Visit the property yourself with an agent/landlord. If you can’t go yourself, get a friend, relative or someone reliable to visit for you, to make sure the property exists and is available
Get in contact with the Student Housing department at your uni or college. They’re likely to know about the local housing market
Don’t transfer money for a property advertised online if you have any doubt at all that it exists
Do your research: check that the agency is legitimate and that they are registered in the UK
Get copies of any tenancy agreements and safety certificates (including gas & electricity certificates)
Only transfer funds after getting account details directly from the landlord or agent and after following the above advice
Be wary if you’re asked to transfer money through Western Union or another money transfer service
Phishing, smishing & vishing scams 📧
You’ve probably heard of phishing before. But there are also other types of scams that are grouped together under the ‘ishing’ type:
Phishing – scam via emails that contain dangerous links/attachments attempting to get you to provide your personal details
Smishing – scams via links sent in a text message
Vishing – scams via phone call or voicemail
A smishing scam you might have seen is a text sent to students claiming to be from HMRC, asking them to give their bank details for a tax refund. There were 5,000 reports of this scam in just 2 months!
Advice if you receive a suspicious text, call or email:
Links: don’t click them! 🙅 If you do click one, make sure you don’t give any info on the website that opens up
Don’t download or open any attachments
Don’t contact the senders using the contact details given in the communication
If you’re expecting communication from a company, do your own research online to find their contact details. If you get a phone call, say to the caller you’ll contact them yourself on the phone number you find – a genuine caller will not mind this
Use different email addresses. One email for important things e.g. student loan, banking & family stuff, and a separate email for less-important things, such as newsletters, discounts & deals
Money mule scams 🐴
Money laundering is a way for criminals to “clean” the earnings from their criminal activity by sending them through an innocent bank account. This makes the funds seem legit – and students are often dragged into this activity, being used as money mules!
Money mules can be completely innocent in this type of scam and might believe that the money they’re receiving is for a genuine job they’ve applied for. Despite this, being involved in this type of scam can lead to a criminal investigation, have negative effects on your credit score and negatively affect your financial future.
‘Mystery shopper’ scam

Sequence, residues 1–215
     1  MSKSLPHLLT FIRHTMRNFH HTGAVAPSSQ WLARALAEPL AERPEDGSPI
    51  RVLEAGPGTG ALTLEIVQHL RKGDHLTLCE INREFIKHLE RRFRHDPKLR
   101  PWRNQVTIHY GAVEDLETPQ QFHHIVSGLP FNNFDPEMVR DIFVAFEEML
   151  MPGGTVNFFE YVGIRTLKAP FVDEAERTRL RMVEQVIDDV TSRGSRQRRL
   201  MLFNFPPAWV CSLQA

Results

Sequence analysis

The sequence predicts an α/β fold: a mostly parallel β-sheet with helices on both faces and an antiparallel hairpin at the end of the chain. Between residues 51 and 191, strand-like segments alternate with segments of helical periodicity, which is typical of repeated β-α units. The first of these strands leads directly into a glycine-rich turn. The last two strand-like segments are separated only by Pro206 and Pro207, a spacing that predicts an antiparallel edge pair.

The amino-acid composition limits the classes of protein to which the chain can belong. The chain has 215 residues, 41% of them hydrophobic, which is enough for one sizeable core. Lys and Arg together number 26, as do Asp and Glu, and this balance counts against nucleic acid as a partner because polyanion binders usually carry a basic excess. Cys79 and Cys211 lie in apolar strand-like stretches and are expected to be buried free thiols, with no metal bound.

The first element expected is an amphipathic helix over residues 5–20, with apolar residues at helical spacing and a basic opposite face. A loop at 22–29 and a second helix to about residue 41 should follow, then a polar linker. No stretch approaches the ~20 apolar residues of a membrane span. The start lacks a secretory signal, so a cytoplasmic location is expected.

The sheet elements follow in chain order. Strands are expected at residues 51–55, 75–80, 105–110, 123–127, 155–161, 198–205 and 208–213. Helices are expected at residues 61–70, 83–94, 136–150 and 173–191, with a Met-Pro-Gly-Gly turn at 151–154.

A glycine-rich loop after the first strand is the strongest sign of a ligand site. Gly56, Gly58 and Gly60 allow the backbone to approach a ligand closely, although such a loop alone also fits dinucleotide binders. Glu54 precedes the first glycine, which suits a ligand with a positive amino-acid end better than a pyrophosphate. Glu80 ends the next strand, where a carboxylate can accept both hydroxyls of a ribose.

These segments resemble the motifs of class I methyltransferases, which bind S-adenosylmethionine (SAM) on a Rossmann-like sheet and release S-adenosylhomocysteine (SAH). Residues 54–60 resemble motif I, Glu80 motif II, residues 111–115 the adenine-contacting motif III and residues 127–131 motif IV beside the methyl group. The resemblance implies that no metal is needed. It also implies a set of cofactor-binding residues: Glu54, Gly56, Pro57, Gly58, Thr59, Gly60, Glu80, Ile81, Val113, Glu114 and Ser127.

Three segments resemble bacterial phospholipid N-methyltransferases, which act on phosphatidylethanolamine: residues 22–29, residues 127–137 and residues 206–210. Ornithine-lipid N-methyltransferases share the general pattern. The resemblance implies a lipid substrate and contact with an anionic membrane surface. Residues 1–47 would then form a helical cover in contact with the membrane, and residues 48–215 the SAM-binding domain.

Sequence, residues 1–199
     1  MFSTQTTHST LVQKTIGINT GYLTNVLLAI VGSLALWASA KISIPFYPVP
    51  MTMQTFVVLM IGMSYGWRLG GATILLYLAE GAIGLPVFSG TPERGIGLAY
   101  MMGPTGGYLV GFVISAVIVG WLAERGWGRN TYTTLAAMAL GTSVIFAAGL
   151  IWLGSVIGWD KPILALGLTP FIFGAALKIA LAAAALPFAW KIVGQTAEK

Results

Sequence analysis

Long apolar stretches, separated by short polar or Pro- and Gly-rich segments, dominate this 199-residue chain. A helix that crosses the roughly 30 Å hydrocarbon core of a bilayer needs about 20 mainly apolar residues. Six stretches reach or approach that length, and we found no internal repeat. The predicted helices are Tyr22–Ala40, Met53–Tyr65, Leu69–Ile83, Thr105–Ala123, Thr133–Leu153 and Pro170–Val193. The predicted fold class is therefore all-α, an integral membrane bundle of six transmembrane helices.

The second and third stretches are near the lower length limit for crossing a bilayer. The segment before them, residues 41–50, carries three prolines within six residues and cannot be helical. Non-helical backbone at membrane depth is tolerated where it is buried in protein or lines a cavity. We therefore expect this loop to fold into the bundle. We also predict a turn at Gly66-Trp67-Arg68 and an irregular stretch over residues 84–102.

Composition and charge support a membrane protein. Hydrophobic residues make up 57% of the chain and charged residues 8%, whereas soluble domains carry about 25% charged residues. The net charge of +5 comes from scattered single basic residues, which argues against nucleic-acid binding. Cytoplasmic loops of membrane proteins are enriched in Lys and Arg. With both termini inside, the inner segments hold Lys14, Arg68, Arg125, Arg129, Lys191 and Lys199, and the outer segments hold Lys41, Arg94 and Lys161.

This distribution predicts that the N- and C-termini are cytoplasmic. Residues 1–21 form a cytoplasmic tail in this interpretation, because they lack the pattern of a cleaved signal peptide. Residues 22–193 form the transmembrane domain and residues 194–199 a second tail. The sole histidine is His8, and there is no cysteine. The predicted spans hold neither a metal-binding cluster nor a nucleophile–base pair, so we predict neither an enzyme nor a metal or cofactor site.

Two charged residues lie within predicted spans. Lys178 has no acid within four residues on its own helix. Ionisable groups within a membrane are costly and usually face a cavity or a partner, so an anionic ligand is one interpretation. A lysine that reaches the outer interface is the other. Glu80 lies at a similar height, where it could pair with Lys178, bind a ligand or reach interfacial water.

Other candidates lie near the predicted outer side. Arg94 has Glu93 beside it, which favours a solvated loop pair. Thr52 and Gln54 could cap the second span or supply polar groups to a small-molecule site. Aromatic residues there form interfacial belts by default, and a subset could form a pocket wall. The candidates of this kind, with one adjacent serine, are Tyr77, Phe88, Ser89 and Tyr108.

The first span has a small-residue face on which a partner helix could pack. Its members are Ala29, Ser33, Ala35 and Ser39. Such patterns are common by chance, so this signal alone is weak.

A good example of money muling is the fake ‘mystery shopper’ job.
A scammer will post a job advert online, saying they want to test a bank’s customer service and transfer times. Once you contact them, you’ll be asked to share your bank details. You’ll then receive a sum of money and be asked to transfer this money onto another bank account, less a fixed amount which you get to keep as a commission for the “job”.
Students are likely to be targeted by this type of scam as scammers look for people with no or little credit history and no history of criminal activity.
The ‘mystery shopper’ job is just one example of money muling. But it’s important to see through this type of scam to avoid getting yourself into trouble.
How to protect yourself from money muling:
Don’t give your bank details to anybody you don’t know or trust
Don’t transfer money to anyone or anywhere you don’t know
Don’t let anyone have access to your bank account
If someone reaches out to you offering you easy money, be suspicious!
Remember that getting involved with money muling could have a serious negative impact on your future. Is it really worth it?
As mentioned before: if it seems too good to be true, it probably is
How can you report a scam or financial crime?
The best way to report a scam is by reaching out to Action Fraud:
Through their reporting tool
By phone at 0300 123 2040 (in England & Wales).
You can report a scam at a police station or by calling 101. But the police will usually direct you to Action Fraud first ,so that they’re able to bring together all information about scams, recognise trends and catch large-scale scammers.
In Scotland, the process is different – you should call 101.
What happens when I report a scam?
When you report a scam or financial crime, Action Fraud will give you advice on how to avoid scams.
Not every report of a scam will lead to an investigation. But each report allows the NFIB to build up their picture of the scams landscape and set the UK up as well as possible to deal with scammers.
Here are more resources to have an even better chance of protecting yourself from scams and fraud:
The Action Fraud website has lots more advice on scams & fraud
Follow Action Fraud on Instagram
Get Action Fraud alerts about scams & fraud in your area
Get straightforward advice to prevent email, phone-based & online fraud from Take Five